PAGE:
Flan’s the man for Jazz Festival

Photographs for Mick Flannery's 'White Lies album. 'Taken July 2008 in Dublin
Photographs for Mick Flannery's 'White Lies album. 'Taken July 2008 in Dublin

Mick Flannery is the man of the moment. Having knocked Madonna off her regular number one perch and claimed the top spot in the Irish album charts, he’s been enjoying the media limelight - a spot he’s not entirely comfortable with.

His latest album Red to Blue has catapulted him centre stage, but for a performer he’s reluctant to take credit, putting his success down to the hard work of his record company. And speaking ahead of his Derry gig this Saturday at An Cultúrlann, where he performs as part of the City of Derry Jazz Festival, the Corkman man revealed that he’s more than a bit bemused by the whole thing.

“I don’t know what to make of it all really, my name being about the place so much,” he admits.

“I’m just a very shy little guy from Blarney, so to see myself getting all this press attention is a bit bizarre to say the least. I’m still trying to come to terms with it myself. I’m not fond of all the attention but I’m not hypocritical about it either, after all I can’t complain if the music is selling well. It’s all part of it I suppose.”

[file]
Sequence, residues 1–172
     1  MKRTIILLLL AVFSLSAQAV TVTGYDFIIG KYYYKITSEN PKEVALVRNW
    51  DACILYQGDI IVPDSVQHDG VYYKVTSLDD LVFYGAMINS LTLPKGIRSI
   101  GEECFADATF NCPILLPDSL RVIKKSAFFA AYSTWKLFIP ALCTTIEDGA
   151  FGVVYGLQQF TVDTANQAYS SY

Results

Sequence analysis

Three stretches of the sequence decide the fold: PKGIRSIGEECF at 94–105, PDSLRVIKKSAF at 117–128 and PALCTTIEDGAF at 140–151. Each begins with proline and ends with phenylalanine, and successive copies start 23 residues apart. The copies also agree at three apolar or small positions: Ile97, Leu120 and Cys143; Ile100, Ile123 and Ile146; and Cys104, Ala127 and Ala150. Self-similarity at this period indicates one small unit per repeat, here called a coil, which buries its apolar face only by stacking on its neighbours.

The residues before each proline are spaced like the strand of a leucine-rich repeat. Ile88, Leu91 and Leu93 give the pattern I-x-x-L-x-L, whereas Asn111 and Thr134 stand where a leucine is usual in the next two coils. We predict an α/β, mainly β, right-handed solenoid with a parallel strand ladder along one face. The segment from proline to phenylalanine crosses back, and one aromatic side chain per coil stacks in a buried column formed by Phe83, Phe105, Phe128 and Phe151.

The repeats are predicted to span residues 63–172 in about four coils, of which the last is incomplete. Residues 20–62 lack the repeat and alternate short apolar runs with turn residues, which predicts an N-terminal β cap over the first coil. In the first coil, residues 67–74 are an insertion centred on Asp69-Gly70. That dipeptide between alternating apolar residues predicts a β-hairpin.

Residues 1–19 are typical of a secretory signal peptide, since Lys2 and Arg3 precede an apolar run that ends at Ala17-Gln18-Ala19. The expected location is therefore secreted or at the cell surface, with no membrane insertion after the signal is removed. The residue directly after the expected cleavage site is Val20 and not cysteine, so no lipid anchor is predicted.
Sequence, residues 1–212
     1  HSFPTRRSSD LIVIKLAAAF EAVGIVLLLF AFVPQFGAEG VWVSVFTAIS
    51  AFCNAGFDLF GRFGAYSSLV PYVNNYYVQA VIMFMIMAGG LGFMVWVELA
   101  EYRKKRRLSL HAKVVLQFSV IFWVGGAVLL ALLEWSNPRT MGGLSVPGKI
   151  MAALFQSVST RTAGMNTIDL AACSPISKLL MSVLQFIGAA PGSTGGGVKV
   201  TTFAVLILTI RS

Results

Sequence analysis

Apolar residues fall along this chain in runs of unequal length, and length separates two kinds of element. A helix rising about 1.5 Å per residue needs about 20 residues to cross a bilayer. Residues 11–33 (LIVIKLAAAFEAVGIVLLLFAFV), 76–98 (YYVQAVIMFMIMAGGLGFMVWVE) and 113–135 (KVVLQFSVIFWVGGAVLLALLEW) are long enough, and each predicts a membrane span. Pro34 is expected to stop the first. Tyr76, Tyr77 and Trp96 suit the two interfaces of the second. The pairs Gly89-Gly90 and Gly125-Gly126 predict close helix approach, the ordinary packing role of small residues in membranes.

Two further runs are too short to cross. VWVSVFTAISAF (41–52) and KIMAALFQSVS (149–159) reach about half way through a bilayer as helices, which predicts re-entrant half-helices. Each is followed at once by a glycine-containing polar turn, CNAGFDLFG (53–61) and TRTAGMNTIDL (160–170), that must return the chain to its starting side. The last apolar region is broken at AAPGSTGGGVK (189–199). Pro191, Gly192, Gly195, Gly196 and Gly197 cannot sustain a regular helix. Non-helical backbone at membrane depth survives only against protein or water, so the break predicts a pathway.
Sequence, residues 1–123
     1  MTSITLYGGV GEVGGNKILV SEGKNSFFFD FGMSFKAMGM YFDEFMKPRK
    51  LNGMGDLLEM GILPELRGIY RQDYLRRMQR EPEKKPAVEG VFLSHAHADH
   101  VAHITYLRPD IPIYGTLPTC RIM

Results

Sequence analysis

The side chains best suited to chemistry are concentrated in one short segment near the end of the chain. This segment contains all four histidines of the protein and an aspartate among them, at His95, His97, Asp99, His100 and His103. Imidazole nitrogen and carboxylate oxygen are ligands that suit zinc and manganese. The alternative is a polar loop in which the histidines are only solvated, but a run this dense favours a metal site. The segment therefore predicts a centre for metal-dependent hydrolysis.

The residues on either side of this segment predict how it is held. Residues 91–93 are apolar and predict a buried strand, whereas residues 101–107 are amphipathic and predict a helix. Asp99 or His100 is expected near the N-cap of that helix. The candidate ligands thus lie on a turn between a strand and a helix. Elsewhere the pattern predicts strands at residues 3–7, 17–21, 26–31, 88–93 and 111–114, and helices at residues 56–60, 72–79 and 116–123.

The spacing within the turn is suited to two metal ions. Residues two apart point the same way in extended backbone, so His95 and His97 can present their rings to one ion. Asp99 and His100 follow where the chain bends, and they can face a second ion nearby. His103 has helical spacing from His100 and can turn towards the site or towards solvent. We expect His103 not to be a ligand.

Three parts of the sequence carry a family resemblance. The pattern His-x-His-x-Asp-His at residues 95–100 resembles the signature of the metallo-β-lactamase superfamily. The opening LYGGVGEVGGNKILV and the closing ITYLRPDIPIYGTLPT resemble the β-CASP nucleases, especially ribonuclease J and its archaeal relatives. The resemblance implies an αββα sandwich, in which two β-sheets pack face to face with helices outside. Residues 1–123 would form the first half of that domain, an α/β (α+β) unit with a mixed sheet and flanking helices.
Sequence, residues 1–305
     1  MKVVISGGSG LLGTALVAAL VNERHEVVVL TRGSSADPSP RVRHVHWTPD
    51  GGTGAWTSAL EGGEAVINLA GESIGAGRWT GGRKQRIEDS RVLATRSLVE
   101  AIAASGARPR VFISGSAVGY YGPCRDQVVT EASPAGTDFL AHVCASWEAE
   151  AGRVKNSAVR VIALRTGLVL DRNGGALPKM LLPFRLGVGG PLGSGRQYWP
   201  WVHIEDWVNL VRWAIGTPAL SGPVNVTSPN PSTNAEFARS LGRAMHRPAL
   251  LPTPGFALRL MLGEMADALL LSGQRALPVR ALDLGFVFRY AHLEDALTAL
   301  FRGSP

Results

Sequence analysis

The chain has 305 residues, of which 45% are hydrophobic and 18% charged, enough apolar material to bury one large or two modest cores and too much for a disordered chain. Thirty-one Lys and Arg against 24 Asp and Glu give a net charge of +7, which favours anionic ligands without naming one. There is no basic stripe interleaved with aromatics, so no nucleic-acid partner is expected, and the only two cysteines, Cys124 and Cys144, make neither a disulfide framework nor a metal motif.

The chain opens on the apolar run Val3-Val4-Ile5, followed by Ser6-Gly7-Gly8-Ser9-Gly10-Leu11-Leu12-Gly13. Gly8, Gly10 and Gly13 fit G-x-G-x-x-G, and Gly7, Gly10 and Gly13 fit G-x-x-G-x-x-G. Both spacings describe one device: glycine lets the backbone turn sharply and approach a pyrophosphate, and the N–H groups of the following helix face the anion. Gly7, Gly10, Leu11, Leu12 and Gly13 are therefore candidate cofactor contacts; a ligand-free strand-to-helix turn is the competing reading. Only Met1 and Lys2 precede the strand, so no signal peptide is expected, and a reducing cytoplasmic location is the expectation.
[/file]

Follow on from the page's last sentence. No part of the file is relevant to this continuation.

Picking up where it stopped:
Despite his recent success, and comparisons with legends such as Tom Waits, Mick is very philosophical about the whole thing. “Well, it’s not something that I set out to do, or my lifetime goal or anything,” he laughs.

“I have nothing personal against Madonna and I don’t think she’d be too worried by the whole thing to be honest. I’m not thinking ‘Oh I can retire now, I’ve achieved all that I’ve set out to achieve.’

“I’ve been performing for six or seven years now and I suppose I put a lot of my success down to having a good record company, as much as the music. They’ve been putting a lot of hard work into getting the music out there, and I’m really seeing the benefits now, which is great.”

And when it comes to the music, Flannery sees his soulful folk style as more of a hangover cure than than anything else. “I suppose you would say it’s a bit miserable in style,” he jokes. “I like to listen to music when I’m waking up with a hangover – something like Leonard Cohen, where you think ‘nothing can be worse than this, I’ll get out of bed then’.

“I suppose some people listen to music for dancing at the weekend, but that’s definitely not my style. As long as some people think my music is a good hangover cure then I can die happy.”

So now he’s enjoying the fruits of his labour with a Number 1 album under his belt, it seems Flannery is a bit concerned he may become a victim of his own success.

“I don’t really know,” he admits. “I haven’t been doing much writing lately, I’ve been so busy with all the attention coming on the back of the album. Things are going too well maybe! My friends joke that once you start doing well and enjoying yourself you’re hammered. Once you achieve anything you’re screwed, because there’s nothing to write about.”

But despite the modesty and self-deprecating humour, there’s no denying the music, and for serious music fans, Flannery is one not to miss this weekend, as long as you pay heed to his advice. “Just come along and enjoy the music - but maybe bring some Prozac just in case,” he laughs.

You can see Mick Flannery at An Cultúrlann at 8pm on Saturday. For more information see www.cityofderryjazzfestival.com, or follow all the latest on www.facebook.com/DerryJazzFestival